He is listed at 6-feet tall, but he may be smaller. If he gets to the NBA — either this year or next year — he needs to be exceptional in one area of his game to make up for his lack of height.

Right now, the best aspect of his game is his quickness and his ability to get off shots. But in the NBA where players are bigger, stronger and all-around more athletic, that ability will be severely tested. It’s one thing to get off a shot when a player from St. Bonaventure is in your face, it’s another to try to get a shot past Dwight Howard.

But that’s where declaring for the draft is a good idea for Anderson. He gets the opportunity to workout in front of NBA teams and get feedback on his game. It’s there that he will learn what he needs to work on to become a better player.

One thing that will probably come up is how Anderson sometimes disappeared for games. For the most part, Anderson could be counted on to score 15 points, but there were times when he would not score. In back-to-back games against Saint Louis and Saint Joseph’s, Anderson scored a combined 15 points. Even though both games were won by Richmond, his output was concerning.

Even the coaches got on Anderson for not appearing to be into games.

Another thing Anderson must work on is limiting his turnovers. He led the team with 83 turnovers, but those will happen to you when you play the point guard position for 37 minutes per night. He ended the season with a 1.1-1 assist-to-turnover ratio and in order to be a point guard in the NBA, that needs to get better.

Anderson will probably learn this and more from NBA scouts and he will become a better player. Just look at the transformation in Maryland point guard Grevis Vasquez. He declared for the 2009 NBA Draft as a fiery point guard whose emotions took control of him which led to bad basketball decisions and a sour relationship with Maryland fans. Vasquez pulled out of the draft and returned to Maryland last year for his senior season with controlled emotions. By the end of the year, Vasquez was getting national attention for his maturity, something that he was told that he needed to have in order to play in the NBA.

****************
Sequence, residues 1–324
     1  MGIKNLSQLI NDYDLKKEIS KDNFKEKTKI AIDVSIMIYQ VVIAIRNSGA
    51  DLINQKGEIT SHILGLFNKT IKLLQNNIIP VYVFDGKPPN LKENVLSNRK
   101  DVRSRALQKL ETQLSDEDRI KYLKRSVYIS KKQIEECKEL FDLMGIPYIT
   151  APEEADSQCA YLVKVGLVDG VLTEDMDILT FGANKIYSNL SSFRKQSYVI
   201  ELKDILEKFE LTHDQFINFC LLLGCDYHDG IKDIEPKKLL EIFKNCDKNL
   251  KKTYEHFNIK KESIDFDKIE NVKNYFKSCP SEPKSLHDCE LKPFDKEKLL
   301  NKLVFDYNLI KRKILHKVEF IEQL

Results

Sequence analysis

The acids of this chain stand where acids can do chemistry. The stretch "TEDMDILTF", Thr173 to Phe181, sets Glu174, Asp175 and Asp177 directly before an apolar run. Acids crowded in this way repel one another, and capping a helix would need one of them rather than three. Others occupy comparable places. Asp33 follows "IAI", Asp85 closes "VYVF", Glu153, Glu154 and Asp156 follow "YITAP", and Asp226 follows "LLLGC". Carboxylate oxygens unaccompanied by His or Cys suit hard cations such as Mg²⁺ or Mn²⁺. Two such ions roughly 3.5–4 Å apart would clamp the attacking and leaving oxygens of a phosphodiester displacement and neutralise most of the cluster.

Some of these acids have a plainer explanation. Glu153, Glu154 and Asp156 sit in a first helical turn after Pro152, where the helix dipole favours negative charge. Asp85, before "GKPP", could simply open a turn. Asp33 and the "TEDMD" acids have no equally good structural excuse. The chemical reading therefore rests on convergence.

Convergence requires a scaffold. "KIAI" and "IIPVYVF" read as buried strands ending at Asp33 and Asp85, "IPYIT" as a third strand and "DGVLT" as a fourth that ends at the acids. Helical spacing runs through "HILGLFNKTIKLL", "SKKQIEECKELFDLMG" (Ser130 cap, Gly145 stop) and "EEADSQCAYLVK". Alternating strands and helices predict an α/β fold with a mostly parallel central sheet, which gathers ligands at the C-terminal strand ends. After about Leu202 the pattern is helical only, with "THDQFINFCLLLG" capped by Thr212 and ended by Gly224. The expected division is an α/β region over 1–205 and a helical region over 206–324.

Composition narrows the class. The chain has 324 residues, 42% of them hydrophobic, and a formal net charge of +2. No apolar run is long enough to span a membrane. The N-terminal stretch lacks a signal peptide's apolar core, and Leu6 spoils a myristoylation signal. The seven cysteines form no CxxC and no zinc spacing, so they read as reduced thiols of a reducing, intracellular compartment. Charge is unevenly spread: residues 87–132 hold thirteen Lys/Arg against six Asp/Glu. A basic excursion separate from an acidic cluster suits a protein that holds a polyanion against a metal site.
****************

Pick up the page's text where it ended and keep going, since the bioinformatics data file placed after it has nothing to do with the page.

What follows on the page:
While Anderson does not have to worry about letting his emotions cause some bad decisions — it sometimes doesn’t look like Anderson has emotions on the court — he does have some areas in which he can improve. And as long as he doesn’t get tempted by the promise of a big contract, it is a smart idea for Anderson to declare.

Anderson is already a great player — he was named Atlantic 10 Player of the Year and Associated Press Honorable Mention All-American — and will only get better through the draft process.

March 30, 2010

Anderson is honorable mention for All-American team

Filed under: Men's Basketball — Tags: , , — Andrew Prezioso @ 6:46 pm

Richmond junior point guard Kevin Anderson was named as an honorable mention to the AP All-American team on Monday afternoon.

Anderson, the Atlantic 1o Player of the Year, became the third Spider ever named to the team. The other two players from Richmond to be earn honorable mentions are George Lacy, who was on the 1935 team, and Johnny Newman, who was on the team from 1984-86.

Anderson led the Spiders in scoring with 17.8 points per game. He scored 20 or more points 13 times this past year and his career-high 31 points in an overtime loss at Wake Forest on Dec. 31, 2009.

Under the direction of Anderson, Richmond went 26-9 on the year and reached the NCAA Tournament for the first time since 2004. The Spiders made it to the A-10 Tournament finals and also won the South Padre Island Invitational in November. Anderson was the Most Valuable Player of the South Padre.

Anderson, who is listed at 6-foot-0,  is on-pace to have one of the greatest careers in Richmond history. He is currently sixth in scoring in program history with 1,549 points. If Anderson can duplicate this year’s 622-point season, he will end his Richmond career trailing only Newman for most points in a career.

March 22, 2010

First round of NCAA Tournament provides plenty of drama